Principle 2 – Command of the subject. Board members receive cyber-resilience orientation on joining the board and are regularly updated on recent threats and trends. 

Principle 3 – Accountable officer. The board ensures that one corporate officer is accountable for reporting on the organisation’s capability to manage cyber-resilience and progress in implementing cyber-resilience goals. The board ensures that this officer has regular board access, sufficient authority, command of the subject matter, experience and resources to fulfill these duties. 

Principle 4 – Integration of cyber resilience. The board ensures that management integrates cyber-resilience and cyber-risk assessment into the overall business strategy and enterprise-wide risk management, as well as budgeting and resource allocation. 

Principle 5 – Risk appetite. The board annually defines and quantifies business risk tolerance relative to cyber- resilience and ensures that this is consistent with corporate strategy and risk appetite. 

Principle 6 – Risk assessment and reporting. The board holds management accountable for reporting a quantified and comprehensible assessment of cyber-risks, threats and events as a standing agenda item during board meetings. It validates these assessments with its own strategic risk assessment using the Board Cyber-Risk Framework. 

Principle 7 – Resilience Plans. The board ensures that management supports the officer accountable for cyber- resilience by the creation, implementation, testing and ongoing improvement of cyber-resilience plans, which are appropriately harmonised across the business.   

Principle 8 – Community. The board encourages management to collaborate with other stakeholders, as relevant and appropriate, in order to ensure systemic cyber-resilience. 

Principle 9 – Review. The board ensures that a formal, independent cyber-resilience review of the organisation is carried out annually. 

Principle 10 – Effectiveness. The board periodically reviews its own performance in the implementation of these principles or seeks independent advice for continuous improvement. 

Many supervisors have set increased expectations of the Board’s role, going beyond the approvals of strategy, policies and procedures. These governance expectations also include, for example: 

  • Receiving reports on significant cyber risk events. 
  • Assessing the characteristics and effectiveness of Board and Senior Management oversight of cyber risks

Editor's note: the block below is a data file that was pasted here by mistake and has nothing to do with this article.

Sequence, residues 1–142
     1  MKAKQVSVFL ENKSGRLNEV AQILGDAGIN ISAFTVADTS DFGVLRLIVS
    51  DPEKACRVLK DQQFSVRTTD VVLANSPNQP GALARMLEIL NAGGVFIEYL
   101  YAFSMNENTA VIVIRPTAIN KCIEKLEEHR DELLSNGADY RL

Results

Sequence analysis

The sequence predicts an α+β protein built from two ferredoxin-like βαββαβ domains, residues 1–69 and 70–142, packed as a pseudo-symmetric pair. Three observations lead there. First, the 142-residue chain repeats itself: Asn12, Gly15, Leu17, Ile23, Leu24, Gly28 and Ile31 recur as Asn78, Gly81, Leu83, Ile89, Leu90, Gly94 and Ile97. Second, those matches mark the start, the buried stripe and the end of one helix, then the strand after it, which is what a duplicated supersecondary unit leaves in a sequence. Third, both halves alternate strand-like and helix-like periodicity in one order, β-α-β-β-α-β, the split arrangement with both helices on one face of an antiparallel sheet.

• Ensuring appropriate updates cyber risk exposure. 
  • Assessing the underlying scenarios, development and testing of disaster recovery and business continuity plans. 
  • The Monetary Authority of Singapore (MAS) [19] also requires that Board “should have in place a comprehensive technology risk and cybersecurity training program for the Board… help equip the Board with the requisite knowledge to competently exercise its oversight function, and appraise the adequacy and effectiveness of the financial institution’s overall cyber resilience program.” 

Cascading from the Board’s role for cyber risk, there are expectations of Senior Management’s accountabilities across the enterprise. These would include, for example: 

  • Creating the cyber risk management framework and overseeing its implementation. 
  • Formulating the corporate cyber defence policy. 
  • Allocating sufficient resources. 
  • Monitoring the effectiveness of the cyber defence. 
  • Coordinating with internal and external stakeholders. 
  • Receiving periodic reports on relevant, internal and external cyber incidents and their implications as well as reporting to the Board. 
Cyber Risk Identification

A financial institutions’ assessment of its own cyber risk threats and vulnerabilities is a key input to forming a supervisory view of the cyber risk exposure and controls to prevent or mitigate these risks.

Threats are events that could cause harm to the confidentiality, integrity, or availability of information or systems. Vulnerabilities can be weaknesses in a system, or control gaps that, if exploited, could result in unauthorized disclosure, misuse, alteration, or destruction of information or systems. Supervisors should assess if firms use scenarios to assess the probability of threats and vulnerabilities.  

Supervisory oversight of firms’ risk identification is built on the assessment of whether and how the financial institutions maintain an ongoing cyber risk assessment program that effectively: 

  • Gathers data regarding the information and technology assets of the organization, threats to those assets, vulnerabilities, current state of security controls and processes; and related security standards and requirements. 
  • Analyzes the probability and impact associated with the known threats and vulnerabilities to their assets.